Line Between Mundane And Epic is Thin: Geetanjali Shree
KASAULI, (IANS) – Author Geetanjali Shree, recipient of the International Booker Prize for ‘Tomb of Sand’ says she did not really have any intentions of writing a novel about a ‘major theme’ (read Partition).
“I always start with curiosity about a mundane event. In this case, it was about an elderly woman turning her back on life. It can be a very simple image which we see all the time, but it stayed with me. Let us remember that the line between the mundane and epic is very thin. There is this woman in the book, a small one, standing at the time of the day when the shadow is very long — thus a small image which is going into a long past. For me, something small always connects to big. So, I do not really have to set out in it. I just must find the quiet and the place for a story to emerge — it starts small but develops into bigger things,” said the author.
Originally written in Hindi as ‘Ret Samadhi’ and translated to English by Daisy Rockwell, it is the first Hindi novel to be awarded the Booker Prize. The book is the first in any Indian language to win the award.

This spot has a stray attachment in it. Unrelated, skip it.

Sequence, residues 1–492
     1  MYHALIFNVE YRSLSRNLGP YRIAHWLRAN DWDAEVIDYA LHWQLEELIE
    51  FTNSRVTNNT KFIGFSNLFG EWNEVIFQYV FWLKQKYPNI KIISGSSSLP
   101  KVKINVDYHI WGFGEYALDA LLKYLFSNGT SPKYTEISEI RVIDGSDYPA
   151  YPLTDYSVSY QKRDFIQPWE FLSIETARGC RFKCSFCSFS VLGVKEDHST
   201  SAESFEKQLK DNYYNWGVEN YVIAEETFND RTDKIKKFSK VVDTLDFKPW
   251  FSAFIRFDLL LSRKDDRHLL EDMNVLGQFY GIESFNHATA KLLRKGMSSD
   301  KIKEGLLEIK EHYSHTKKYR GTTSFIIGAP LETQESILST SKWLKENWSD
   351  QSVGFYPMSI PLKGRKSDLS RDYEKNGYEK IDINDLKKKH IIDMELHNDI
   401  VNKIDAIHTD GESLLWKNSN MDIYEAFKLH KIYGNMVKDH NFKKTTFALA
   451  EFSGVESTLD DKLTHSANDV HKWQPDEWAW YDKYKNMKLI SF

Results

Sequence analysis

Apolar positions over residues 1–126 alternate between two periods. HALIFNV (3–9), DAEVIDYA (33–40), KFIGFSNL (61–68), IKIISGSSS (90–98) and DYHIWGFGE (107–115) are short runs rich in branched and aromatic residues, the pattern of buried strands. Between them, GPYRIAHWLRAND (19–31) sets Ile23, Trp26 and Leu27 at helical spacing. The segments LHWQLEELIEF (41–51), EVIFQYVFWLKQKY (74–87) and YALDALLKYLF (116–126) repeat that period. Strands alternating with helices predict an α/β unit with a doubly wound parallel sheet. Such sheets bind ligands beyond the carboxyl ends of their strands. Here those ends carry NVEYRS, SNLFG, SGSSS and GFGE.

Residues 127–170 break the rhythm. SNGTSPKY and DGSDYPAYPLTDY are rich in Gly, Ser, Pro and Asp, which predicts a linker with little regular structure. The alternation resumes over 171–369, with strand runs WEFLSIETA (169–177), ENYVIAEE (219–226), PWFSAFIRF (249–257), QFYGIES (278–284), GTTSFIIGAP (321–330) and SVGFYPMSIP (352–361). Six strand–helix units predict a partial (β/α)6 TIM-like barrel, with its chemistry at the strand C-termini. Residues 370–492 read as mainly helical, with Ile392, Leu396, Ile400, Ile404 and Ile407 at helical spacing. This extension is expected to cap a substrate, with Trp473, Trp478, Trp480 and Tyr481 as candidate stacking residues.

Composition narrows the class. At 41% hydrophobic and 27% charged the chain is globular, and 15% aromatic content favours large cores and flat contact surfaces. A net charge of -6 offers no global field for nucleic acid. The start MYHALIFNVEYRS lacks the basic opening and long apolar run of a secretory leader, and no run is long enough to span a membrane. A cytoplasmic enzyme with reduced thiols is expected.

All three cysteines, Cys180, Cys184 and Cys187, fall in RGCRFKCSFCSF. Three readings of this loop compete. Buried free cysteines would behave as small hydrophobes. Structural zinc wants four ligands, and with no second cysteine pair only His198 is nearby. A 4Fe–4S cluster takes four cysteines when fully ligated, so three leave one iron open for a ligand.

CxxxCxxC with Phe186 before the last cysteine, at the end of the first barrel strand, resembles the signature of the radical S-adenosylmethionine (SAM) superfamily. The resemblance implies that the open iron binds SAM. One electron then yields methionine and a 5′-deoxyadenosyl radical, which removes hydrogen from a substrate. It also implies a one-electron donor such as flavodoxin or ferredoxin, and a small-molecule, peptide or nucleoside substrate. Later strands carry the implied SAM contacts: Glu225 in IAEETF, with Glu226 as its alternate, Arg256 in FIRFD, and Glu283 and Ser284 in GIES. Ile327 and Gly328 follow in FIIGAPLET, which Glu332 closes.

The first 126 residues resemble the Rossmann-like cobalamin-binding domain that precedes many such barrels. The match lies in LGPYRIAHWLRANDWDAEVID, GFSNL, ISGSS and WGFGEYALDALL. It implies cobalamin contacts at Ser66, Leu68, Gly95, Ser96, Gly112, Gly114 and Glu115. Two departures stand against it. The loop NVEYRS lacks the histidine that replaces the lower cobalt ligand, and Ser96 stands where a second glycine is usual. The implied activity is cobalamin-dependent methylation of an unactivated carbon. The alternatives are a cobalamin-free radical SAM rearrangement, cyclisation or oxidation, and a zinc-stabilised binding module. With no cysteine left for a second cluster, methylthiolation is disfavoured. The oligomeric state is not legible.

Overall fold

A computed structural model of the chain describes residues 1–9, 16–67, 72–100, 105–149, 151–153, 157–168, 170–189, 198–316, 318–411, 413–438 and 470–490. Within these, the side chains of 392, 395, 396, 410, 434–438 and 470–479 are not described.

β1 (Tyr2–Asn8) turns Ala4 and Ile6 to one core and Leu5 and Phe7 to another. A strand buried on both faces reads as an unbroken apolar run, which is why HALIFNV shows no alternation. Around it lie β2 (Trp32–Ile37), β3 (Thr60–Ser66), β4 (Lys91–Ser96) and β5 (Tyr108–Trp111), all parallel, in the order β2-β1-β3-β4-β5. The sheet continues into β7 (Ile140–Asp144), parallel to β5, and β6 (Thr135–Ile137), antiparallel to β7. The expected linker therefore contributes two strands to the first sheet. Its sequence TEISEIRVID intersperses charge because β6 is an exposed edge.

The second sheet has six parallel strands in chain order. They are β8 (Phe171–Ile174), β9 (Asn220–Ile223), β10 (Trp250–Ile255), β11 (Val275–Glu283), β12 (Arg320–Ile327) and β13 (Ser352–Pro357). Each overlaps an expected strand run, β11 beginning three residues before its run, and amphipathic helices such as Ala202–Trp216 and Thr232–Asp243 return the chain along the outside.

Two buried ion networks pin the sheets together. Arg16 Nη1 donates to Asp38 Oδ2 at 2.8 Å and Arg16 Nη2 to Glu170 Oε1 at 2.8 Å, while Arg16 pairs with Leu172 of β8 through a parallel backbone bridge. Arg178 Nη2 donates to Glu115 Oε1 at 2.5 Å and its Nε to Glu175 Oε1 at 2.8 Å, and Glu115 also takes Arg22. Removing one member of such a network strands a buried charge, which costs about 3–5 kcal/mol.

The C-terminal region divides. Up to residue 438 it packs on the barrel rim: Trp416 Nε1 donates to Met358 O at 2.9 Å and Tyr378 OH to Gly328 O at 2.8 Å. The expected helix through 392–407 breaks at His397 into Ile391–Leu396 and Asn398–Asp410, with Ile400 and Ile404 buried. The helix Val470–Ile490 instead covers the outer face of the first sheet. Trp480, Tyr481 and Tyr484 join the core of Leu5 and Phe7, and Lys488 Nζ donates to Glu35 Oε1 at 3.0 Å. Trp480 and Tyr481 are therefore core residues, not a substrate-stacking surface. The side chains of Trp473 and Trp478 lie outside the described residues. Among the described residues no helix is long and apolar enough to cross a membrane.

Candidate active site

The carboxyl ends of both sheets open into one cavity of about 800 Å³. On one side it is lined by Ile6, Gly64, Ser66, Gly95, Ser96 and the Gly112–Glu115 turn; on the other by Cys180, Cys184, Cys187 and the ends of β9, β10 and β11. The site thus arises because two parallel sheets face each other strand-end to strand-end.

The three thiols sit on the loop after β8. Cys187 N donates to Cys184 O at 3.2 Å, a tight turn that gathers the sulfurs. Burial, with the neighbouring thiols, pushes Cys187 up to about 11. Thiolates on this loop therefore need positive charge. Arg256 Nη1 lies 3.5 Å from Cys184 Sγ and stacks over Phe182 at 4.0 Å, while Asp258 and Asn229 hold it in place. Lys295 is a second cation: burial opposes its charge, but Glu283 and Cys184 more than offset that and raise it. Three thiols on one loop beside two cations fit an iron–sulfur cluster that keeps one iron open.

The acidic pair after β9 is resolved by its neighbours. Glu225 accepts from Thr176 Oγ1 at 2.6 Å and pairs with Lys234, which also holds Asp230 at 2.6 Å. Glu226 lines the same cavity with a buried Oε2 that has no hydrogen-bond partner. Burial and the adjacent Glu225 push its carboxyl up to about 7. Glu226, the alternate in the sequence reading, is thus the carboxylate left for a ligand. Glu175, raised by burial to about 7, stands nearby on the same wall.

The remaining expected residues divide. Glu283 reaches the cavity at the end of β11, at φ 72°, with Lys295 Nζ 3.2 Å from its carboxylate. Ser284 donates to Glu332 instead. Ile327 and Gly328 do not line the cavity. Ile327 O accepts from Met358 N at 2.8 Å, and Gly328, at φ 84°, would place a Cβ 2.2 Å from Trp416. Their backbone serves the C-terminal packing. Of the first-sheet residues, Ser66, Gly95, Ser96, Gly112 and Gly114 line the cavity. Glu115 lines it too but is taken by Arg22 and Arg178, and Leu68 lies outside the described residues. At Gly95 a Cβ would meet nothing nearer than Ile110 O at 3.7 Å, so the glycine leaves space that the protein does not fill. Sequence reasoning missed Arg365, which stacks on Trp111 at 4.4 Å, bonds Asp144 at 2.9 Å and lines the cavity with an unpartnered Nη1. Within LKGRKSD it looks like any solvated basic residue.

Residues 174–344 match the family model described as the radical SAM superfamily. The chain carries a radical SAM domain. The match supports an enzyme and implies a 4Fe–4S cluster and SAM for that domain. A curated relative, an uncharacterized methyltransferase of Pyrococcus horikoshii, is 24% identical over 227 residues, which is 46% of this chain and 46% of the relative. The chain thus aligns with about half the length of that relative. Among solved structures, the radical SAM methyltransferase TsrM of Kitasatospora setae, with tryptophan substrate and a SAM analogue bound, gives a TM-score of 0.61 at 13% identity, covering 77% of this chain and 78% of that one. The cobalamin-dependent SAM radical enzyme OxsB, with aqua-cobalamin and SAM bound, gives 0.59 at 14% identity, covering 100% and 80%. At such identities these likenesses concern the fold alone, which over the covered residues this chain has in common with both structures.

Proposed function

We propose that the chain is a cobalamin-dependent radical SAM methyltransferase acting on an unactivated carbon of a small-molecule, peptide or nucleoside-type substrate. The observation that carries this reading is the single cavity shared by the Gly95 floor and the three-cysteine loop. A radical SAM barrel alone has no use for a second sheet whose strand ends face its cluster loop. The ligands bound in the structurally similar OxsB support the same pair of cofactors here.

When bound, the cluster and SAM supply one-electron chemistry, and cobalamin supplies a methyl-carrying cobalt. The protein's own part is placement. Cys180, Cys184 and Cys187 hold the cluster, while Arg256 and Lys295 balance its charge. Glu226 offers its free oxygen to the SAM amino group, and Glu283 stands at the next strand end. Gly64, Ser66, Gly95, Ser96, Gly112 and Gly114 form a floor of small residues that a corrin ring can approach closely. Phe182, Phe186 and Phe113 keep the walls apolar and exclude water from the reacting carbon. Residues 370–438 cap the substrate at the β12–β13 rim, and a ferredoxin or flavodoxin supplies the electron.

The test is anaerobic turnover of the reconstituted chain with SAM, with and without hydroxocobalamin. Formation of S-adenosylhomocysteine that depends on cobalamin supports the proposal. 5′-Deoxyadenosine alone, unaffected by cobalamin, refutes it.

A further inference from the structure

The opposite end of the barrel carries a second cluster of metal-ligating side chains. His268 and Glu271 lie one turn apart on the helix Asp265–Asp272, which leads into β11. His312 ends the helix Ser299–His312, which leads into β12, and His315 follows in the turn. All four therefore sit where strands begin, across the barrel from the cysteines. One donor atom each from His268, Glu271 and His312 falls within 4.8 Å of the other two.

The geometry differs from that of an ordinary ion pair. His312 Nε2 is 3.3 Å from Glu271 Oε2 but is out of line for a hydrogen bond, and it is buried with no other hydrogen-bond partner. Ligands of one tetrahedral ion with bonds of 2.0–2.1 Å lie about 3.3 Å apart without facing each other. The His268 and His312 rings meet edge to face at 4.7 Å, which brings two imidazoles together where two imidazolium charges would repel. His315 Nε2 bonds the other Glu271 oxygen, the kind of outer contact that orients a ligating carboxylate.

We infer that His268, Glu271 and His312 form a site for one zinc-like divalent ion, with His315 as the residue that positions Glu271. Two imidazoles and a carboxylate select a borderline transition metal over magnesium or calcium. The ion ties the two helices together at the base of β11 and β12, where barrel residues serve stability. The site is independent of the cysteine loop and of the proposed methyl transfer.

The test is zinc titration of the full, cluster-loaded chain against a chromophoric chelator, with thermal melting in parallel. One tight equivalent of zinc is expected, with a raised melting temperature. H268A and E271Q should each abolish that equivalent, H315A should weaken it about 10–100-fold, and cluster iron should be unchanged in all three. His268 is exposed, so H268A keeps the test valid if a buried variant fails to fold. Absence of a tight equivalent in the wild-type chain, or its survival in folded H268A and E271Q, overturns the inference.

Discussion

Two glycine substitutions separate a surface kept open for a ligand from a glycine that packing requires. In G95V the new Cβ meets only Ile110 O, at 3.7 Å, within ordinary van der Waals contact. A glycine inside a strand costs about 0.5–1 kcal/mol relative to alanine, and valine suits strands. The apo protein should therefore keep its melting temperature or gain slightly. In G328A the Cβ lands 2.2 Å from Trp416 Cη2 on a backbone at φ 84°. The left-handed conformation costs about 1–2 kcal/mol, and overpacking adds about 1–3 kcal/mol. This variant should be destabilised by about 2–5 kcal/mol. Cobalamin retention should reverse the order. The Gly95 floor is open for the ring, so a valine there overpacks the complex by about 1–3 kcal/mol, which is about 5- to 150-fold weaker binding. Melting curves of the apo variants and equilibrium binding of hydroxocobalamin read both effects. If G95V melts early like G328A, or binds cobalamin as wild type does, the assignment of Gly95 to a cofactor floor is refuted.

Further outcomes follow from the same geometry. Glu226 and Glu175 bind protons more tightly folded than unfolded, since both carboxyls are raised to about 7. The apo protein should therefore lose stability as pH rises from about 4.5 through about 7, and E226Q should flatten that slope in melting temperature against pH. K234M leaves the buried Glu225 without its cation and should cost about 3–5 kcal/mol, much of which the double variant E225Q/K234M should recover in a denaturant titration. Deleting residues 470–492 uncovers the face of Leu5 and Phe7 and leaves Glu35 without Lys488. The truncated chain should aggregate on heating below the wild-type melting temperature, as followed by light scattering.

It tells the story of an octogenarian and her battle with depression after the death of her husband and how she comes out of it, to forge new friendships, cross borders and travel to Pakistan to confront the ghosts from Partition and re-looking at herself as a mother, woman and feminist.
Shree feels that the border (between India and Pakistan) is something that has been created politically and many people still do not ‘accept’ it.
“Yes, it is something that has been forced down politically. This thought finds its way into this book as well.” The Partition has not taken place in many minds, and it is not complete.
The author, who took eight years to write the book, remembers it just flowed and the real fun was in the process.
“Of course, there were times when I felt stuck and did not know how to proceed. I do not work with an agenda and was in no hurry — I could go on and on.”
While it may also seem, the book is about a fraught relationship between a woman and nation, she maintains it was natural for her to include women in the book, and sensitivity as well. “However, the son in the book has a special place as well.”
Stressing that relationships and memories are the only things that take people forward, Shree says that the only time she will translate is when she has nothing to write.